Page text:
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|Starter for Ten|
|R E V I E W B Y R I C H C L I N E||
dir Tom Vaughan|
scr David Nicholls
with James McAvoy, Alice Eve, Rebecca Hall, Dominic Cooper, Catherine Tate, Charles Dance, Lindsay Duncan, Mark Gatiss, Benedict Cumberbatch, Elaine Tan, James Corden, Simon Woods
release UK 10.Nov.06,
06/UK Picturehouse 1h36
Starter question for 10 points: McAvoy, Cumberbatch and Tan
Charming and entertaining, this coming-of-age comedy has a strong story and engaging characters, even if it never really says anything terribly deep or meaningful.
Brian (McAvoy) is a brainy kid in 1985 Essex who leaves his childhood buddies (Cooper and Corden) to attend Bristol University. Before his dad died, he instilled in Brian a love of general knowledge quizzes, so when Brian gets the chance to join Bristol's University Challenge team, he leaps at it. Especially when it means he gets to work with the sexy blonde Alice (Eve). Meanwhile, he also enjoys a bit of flirtation with goth activist Rebecca (Hall). But the path to love--or TV fame--doesn't run smoothly.
McAvoy shines in this role, carefully getting into the skin of an inexperienced nerd emerging for the first time from his naive childhood. He's so charming and sympathetic that even when he does stupid things we can easily forgive him, and McAvoy plays the various tentative romantic scenes especially nicely. And he's surrounded by a strong cast of vivid characters; Cooper gets the tough-guy bravado just right, while Eve and Hall are sexy and sharp, in very different ways. As Brian's doting mum, on the other hand, Tate struggles to escape her comedy-sketch acting style.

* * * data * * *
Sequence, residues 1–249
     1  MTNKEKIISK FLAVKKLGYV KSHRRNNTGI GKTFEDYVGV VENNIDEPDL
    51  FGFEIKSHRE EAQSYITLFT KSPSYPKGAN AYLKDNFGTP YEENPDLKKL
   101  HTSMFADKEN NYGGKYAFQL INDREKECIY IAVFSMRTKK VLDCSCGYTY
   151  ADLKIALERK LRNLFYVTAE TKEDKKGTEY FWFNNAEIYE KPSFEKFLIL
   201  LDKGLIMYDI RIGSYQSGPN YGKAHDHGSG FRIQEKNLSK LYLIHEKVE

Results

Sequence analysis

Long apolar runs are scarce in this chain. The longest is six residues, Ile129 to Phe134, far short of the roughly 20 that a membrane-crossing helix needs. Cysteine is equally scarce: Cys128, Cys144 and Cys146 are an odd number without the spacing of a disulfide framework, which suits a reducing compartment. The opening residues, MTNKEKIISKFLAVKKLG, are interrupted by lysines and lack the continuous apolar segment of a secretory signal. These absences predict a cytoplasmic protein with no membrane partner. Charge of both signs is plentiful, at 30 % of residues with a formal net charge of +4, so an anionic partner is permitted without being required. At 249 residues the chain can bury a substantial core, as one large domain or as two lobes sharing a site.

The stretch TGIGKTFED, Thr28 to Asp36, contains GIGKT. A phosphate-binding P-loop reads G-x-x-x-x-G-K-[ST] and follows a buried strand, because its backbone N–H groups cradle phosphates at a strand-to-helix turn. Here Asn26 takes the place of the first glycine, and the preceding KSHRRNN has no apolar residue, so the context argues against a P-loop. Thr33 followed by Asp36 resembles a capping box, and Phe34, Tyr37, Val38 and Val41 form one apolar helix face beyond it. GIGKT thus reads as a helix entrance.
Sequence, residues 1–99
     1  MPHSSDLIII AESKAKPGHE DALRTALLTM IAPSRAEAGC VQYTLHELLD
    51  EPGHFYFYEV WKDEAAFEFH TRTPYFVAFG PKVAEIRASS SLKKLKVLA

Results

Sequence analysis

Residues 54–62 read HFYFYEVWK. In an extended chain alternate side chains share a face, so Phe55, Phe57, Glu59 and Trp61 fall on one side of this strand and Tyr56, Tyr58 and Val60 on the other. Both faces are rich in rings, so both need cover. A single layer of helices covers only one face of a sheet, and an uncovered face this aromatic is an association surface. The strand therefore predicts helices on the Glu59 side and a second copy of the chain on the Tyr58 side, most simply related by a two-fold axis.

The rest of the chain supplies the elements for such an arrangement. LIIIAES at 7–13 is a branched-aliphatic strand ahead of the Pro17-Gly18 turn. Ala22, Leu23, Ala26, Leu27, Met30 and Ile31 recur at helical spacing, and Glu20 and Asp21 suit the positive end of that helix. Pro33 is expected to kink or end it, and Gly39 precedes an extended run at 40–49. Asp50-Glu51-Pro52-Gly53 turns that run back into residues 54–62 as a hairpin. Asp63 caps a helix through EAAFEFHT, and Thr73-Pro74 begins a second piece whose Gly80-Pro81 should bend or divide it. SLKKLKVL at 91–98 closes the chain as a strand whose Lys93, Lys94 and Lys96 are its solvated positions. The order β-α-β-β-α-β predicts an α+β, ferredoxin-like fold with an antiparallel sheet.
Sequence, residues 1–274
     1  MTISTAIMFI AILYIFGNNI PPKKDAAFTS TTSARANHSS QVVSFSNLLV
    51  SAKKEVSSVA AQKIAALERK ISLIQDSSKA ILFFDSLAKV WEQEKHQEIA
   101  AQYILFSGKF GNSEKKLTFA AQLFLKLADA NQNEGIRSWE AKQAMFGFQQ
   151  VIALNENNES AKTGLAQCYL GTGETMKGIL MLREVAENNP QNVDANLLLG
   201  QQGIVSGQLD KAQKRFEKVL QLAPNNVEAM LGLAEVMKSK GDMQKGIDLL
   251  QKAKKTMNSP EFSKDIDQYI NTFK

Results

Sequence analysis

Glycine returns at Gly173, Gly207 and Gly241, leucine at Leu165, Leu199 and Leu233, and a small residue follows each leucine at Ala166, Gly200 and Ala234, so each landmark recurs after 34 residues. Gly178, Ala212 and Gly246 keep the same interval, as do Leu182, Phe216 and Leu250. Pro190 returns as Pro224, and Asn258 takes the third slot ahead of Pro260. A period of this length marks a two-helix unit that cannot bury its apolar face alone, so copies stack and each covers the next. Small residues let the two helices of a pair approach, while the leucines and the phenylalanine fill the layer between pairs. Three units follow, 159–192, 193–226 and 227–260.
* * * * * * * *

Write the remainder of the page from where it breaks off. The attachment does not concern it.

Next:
The film is packed with lively, authentic interaction that doesn't run remotely smoothly. Edgy relationships, surprising discoveries and comical encounters add to Brian's journey. And the story touches on all sorts of strong issues, both in the politics of the period and in the moral dilemmas Brian must face. So it seems rather strange that the script skims over it all--there's no attempt to deepen either the themes or the characters.
It remains blissfully silly or emotionally raw, but without giving us anything to think about. Which is strange considering that it's clearly based on writer-novelist Nicholls' own experiences. In the end, the best thing about the film, besides McAvoy's winning performance, is a fabulous 1980s song score featuring everything from Wham to the Smiths, with lots of the Cure along the way. Enjoyable but oddly slight.
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© 2006 by Rich Cline, Shadows on the Wall
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